He found the roads round Donegore Hill guarded by sentries. The camp on the top of the old rath had all the appearance of being held by disciplined troops. There was little sign of the disorganisation and panic which often follow defeat. The men were calm, self-possessed, and reasonable, but they were hopeless. Neal realised that this army, at least, would do no more serious fighting. The men were anxious to make terms for themselves and for their leaders. They were perfectly well aware that they were beaten, and could not expect to make any head against their enemies.

Neal found James Hope, and was warmly greeted by him.

"When I discovered that we'd left you behind," said Hope, "I made up my mind that you must have been shot down along with your uncle and the fine fellows who made a stand with him. Ah, Neal, we've lost many—your uncle, Felix Marier, poor Moylin, and many another. One killed here, another there, but all of them in doing their duty. But we mustn't talk of these things, lad. Tell me, what brings you here?"

"Need you ask?" said Neal. "I am come to fight it out to the last."

"Take my advice and slip off home. There's no good to be done by stopping with us. Things are desperate. Most of our people are going home to-day. M'Cracken and a handful—not more than a hundred—are going to Slievemis in the hope of being able to join Monro in County Down, or perhaps to get through to the Wexford men."

"I will go with you."

"No, no, lad, you've done enough. You've done a man's part. Go home now."

"What are you going to do?"

"I? Oh, I'm only a poor weaver. It doesn't matter what I do. I'm going on with M'Cracken."

"So am I. Listen to me, James Hope, till I tell you what is in my mind—till I tell you what has happened to me since yesterday."

They sat on the grassy slope of the old rath. The wide plain stretched before them—green, well wooded, beautiful. There lay Adair's plantations, the Six Mile Water winding like a serpent among the fields, the woods of Castle Upton, and the young trees on Lyle Hill, with the distant water of Lough Neagh glistening in the sunlight. Nearer at hand thatched farmhouses smoked, signs that the yeomen were enjoying the fruits of victory. Hope pointed to Farranshane, where William Orr's house was burning—a witness to a malignity so bitter that it wreaked the vengeance from which the dead man was safe on his widow and his orphans.

Neal told his story, and spoke of the passionate desire for revenge which burned in him. Hope listened patiently to every word. Then he spoke.

"If I were to tell you now, Neal, as I told you once before, that vengeance belongeth only unto the Lord, you would turn away and listen to me no more. Therefore, I shall not speak to you in that way at all, or appeal to those higher feelings which the great God has planted in the breasts of even the humblest of His servants. I will, instead, appeal to that which is lower and smaller than the religion of Christ, and which yet may be in its way a noble thing. I will speak to you as to a man of honour. I am not fond of the title of gentleman, but I think I know what is meant by honour. Sometimes it is no more than a fantastic image bred of prejudice and pride; but sometimes it is high and holy, next to God. I think, Neal, that you would like to reckon yourself a man of honour."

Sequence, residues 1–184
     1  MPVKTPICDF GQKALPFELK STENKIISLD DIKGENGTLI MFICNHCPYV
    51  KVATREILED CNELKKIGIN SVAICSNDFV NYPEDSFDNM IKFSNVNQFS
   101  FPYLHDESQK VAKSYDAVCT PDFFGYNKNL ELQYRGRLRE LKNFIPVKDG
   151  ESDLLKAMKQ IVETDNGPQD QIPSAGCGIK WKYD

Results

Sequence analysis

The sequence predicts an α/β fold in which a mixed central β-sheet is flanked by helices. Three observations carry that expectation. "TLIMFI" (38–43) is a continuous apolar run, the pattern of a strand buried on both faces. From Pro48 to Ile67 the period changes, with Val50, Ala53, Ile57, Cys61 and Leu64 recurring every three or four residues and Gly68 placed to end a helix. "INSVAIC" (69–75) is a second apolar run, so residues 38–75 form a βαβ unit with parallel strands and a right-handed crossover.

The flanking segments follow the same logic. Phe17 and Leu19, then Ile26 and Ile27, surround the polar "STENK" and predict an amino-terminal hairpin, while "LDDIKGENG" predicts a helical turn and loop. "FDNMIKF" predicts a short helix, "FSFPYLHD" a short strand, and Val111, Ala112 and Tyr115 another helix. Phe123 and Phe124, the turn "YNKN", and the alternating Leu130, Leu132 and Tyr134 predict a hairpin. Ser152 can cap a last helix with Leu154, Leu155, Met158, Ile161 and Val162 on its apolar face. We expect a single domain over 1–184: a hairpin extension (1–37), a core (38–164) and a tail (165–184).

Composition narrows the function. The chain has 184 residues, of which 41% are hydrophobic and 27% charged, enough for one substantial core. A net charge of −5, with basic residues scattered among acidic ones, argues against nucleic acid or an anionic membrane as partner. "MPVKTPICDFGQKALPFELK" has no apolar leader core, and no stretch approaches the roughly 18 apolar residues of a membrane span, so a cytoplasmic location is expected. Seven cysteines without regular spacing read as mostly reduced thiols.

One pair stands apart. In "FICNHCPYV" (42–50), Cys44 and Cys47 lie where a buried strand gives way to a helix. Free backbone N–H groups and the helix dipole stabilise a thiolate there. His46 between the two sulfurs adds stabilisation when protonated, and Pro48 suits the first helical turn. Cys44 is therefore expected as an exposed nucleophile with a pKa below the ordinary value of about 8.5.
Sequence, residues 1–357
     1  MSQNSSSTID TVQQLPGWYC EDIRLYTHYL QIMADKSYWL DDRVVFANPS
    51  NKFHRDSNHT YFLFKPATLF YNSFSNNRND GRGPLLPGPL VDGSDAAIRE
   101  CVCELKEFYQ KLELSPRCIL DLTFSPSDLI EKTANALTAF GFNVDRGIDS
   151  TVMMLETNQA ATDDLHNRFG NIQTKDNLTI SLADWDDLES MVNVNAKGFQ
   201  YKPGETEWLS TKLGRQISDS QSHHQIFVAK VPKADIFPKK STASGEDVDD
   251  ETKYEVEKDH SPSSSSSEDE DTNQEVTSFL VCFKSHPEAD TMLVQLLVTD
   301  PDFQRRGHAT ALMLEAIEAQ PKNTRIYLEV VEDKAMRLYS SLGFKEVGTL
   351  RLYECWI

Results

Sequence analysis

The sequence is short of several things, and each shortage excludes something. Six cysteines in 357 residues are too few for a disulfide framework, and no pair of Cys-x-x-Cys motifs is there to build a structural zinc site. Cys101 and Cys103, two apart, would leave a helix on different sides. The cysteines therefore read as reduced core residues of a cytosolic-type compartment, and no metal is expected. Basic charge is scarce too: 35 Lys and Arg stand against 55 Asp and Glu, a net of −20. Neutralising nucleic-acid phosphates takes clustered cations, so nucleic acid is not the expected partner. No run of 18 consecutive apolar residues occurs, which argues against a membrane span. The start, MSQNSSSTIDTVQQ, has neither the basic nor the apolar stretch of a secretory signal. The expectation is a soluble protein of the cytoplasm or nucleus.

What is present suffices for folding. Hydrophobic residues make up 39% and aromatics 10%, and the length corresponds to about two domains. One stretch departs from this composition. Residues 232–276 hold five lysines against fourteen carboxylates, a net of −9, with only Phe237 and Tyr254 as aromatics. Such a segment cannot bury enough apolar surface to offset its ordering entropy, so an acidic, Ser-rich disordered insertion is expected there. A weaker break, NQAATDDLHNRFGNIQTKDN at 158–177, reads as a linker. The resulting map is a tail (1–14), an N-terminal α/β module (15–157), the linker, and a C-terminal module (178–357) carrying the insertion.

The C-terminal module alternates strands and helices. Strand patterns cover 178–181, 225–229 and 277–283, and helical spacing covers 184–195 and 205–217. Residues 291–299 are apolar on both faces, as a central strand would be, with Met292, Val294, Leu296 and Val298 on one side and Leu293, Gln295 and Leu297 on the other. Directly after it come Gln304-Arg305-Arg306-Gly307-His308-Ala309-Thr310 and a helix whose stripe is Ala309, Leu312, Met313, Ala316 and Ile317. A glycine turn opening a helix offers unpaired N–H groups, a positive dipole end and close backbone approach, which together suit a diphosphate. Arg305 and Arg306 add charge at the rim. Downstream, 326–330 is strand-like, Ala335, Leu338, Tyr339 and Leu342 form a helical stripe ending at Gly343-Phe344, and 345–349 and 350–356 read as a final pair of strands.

Already James Hope's words were producing an effect on Neal's mind. The extreme bitterness of his passion was dying away from him.

"You are right," he said, "I wish to act always as a man of honour, but my honour is engaged——"

"That is not what you said before. Before, you spoke of revenge and not of honour. But let that pass. I will try to show you, as a truly noble man would, as your friend, Lord Dunseveric, would if he were here to advise you, how your honour really binds you. You were rescued from your imprisonment last night and from death this morning by your friend, Maurice St. Clair, and he bid you go home. He set you free in order that you might go home. I think he would not have done what he did unless he had believed that you would go home. You are in honour bound to him. You are in reality still a prisoner—a prisoner released on parole, although no formal promise was required of you. Do you understand what I mean?"

"Yes, I understand; but you are advising me to do a cowardly thing—to desert you, whom I reckon my friend, in the time of your extremity."

"Maurice St. Clair was your friend before I was, Neal. You are bound to him by earlier ties. Besides, he has given you your life."

"But he is in no danger."

"I am not sure of that. If it is discovered that he let you go last night he will surely suffer for it. They have hanged men for less, and imprisoned or exiled others."

"Oh," said Neal, "I could find it in my heart to wish they would hang Maurice. Hope, you know many men and many things, but you don't know Lord Dunseveric. Why, man, if they hanged Maurice the old lord would hang them—he would hang them in batches of a score at a time. If any escaped him he would wait for them till the resurrection morning. He would meet them as they stepped out of their graves and hang them then. He would hang them if there wasn't another tree in the whole universe to put the rope round except the tree of life which stands by the river in the New Jerusalem."

He laughed exultingly. Hope looked at him with pitying tenderness. He understood the hysterical passion which had dragged such words from him.

"I am glad," he said, "that your friend is in no great danger, but that does not alter the truth of what I say. You are his prisoner, released on your parole, and you must present yourself to him when he calls for you at Dunseveric. Besides, Neal, you owe a duty to your father and to those at home who love you. For their sakes you must not throw your life away."